My First Scuba Dive is intended to be a series of posts from guest writers and Master Divers folk too where they can share the wonder of their first dive. If you have a story to share please read the details at the bottom and you too could be featured! This one comes from Paul E. Lee.
I’ll admit it – I never ever wanted to scuba dive. It seemed terrifying to me. Going underwater to the dark depths where strange creatures lurked unseen in the shadows? No, thank you. I had snorkeled before many times in Hawaii and Florida and while it was certainly fun to see the brand-new world stretched out beneath me, I had very little desire to see it any closer. That is, of course, until one of my friends bought me scuba diving lessons so that I could get certified.
I took the necessary courses near my home in California and both the dive instructor and my friends were very encouraging about the whole thing. Once I learned more about the proper safety equipment and procedures, I began to feel much more comfortable in the water in general. I learned to propel myself forward and very soon I felt ready to face my fears. I passed my exam and I was ready for my big scuba diving adventure.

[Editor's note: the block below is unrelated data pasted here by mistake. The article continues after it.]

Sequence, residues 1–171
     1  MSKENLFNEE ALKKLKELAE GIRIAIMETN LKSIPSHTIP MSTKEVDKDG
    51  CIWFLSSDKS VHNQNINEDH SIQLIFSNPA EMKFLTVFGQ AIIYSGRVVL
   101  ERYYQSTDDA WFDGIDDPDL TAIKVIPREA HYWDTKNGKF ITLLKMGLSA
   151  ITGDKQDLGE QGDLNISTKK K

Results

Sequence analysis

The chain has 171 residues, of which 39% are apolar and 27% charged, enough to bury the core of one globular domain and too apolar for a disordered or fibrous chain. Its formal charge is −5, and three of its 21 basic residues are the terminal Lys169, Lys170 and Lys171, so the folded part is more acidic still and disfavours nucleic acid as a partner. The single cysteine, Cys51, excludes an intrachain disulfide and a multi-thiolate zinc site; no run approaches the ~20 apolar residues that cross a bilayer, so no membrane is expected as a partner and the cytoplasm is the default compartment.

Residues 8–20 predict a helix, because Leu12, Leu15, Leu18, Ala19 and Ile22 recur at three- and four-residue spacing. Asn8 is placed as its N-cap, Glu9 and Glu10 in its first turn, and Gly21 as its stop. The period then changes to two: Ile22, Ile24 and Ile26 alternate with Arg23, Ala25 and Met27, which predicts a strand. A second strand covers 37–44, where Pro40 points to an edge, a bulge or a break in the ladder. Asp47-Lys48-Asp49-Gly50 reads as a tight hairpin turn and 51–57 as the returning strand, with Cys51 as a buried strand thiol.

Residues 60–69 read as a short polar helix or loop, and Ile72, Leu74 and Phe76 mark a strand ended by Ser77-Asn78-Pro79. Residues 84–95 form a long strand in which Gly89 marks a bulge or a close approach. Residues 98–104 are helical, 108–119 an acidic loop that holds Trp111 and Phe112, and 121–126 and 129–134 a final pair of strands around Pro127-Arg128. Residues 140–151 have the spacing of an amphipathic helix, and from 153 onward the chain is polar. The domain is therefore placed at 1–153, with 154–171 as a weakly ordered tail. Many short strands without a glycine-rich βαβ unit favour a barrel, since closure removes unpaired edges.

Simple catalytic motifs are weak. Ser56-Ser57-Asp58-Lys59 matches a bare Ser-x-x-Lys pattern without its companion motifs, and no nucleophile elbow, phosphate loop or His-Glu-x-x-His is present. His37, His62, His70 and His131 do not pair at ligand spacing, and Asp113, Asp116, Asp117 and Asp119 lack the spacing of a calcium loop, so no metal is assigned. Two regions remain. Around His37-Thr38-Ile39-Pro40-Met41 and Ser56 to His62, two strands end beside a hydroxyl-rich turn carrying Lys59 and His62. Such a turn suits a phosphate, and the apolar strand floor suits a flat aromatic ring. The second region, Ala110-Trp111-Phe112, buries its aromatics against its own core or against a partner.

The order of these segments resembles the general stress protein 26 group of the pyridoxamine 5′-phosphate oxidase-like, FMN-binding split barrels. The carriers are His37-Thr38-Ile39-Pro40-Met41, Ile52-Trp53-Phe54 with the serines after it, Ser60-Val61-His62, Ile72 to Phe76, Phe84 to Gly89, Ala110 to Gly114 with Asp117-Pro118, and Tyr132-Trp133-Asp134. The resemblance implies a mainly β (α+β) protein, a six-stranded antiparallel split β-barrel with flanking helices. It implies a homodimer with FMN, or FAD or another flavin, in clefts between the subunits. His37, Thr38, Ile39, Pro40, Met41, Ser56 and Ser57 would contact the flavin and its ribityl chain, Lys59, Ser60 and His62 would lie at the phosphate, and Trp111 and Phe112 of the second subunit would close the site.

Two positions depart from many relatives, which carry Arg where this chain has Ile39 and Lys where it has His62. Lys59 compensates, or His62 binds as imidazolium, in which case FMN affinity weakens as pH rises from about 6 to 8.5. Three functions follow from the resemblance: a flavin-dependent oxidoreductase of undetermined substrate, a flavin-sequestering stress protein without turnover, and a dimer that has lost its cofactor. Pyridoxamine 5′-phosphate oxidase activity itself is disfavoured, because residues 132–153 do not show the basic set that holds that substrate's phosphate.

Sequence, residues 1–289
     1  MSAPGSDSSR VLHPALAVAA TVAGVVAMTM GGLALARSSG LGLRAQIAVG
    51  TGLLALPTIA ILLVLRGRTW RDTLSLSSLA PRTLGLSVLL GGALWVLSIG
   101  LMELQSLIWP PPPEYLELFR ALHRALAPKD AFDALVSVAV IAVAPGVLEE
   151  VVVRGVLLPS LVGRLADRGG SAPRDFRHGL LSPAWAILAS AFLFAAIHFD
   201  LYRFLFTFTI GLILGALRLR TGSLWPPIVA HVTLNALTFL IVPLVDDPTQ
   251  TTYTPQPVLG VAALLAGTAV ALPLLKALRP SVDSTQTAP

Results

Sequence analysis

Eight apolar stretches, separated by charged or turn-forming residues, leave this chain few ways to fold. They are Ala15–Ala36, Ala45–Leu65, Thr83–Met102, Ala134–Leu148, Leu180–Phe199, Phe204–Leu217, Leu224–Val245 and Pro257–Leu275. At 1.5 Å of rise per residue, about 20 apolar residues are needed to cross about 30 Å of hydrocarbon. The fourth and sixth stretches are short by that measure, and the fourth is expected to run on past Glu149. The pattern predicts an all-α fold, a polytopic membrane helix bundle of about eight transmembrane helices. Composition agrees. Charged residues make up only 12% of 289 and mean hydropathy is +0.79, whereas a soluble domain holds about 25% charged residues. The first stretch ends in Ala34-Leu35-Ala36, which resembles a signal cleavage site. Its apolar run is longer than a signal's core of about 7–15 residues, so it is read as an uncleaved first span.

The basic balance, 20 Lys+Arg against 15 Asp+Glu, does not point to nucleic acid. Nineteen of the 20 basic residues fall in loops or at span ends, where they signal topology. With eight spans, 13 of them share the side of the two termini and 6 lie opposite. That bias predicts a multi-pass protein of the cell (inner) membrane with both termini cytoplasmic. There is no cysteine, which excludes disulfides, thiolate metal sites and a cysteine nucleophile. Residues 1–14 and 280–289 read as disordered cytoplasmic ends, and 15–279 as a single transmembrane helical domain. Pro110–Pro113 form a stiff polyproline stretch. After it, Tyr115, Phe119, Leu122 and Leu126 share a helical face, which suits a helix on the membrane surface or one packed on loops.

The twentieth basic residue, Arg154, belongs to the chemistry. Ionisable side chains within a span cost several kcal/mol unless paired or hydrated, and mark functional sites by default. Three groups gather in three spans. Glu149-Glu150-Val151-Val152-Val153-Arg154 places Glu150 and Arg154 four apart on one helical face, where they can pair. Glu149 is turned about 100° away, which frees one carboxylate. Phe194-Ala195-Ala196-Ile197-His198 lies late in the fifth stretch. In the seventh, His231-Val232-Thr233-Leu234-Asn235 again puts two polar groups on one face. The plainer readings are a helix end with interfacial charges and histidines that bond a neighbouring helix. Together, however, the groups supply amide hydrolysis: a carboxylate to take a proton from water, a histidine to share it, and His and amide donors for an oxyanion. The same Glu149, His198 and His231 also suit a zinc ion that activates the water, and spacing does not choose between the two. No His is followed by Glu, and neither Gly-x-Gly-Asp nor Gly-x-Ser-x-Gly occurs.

At this point, my friends and I booked a vacation to the Philippines for another friend’s wedding and also to try scuba diving on site for the first time. I was a little apprehensive as I geared up for my first dive. We had chosen Cebu, which is an extremely popular diving area in the islands and very good for first-time divers. We completed four dives at 15 meters depth each time. As I submerged myself below the water, I almost forgot that I was diving. It seemed so natural and not at all scary.
We circled around some beautiful coral reefs through the clear turquoise waters. I saw sea urchins and fish hiding in the crevices; I even think I saw some sort of eel before it slipped away. What amazed me the most though, were the schools of fish that swam in front of us without even a glance. We were completely invisible to them, as though we had always lived there. I grew more confident in my ability to swim and began to go closer to the reef each time. Every time I resurfaced I felt like I wanted to go back down and for longer periods of time. Eventually, it grew dark and we had to go back in. I felt very accomplished however because I had faced my fears.
Since then I’ve dived in many different places both during the day and at night. I learn something new every time and I hope I can continue to do it for the rest of my life.
Written by the Marketing Department for Los Angeles personal injury lawyer, Paul E. Lee
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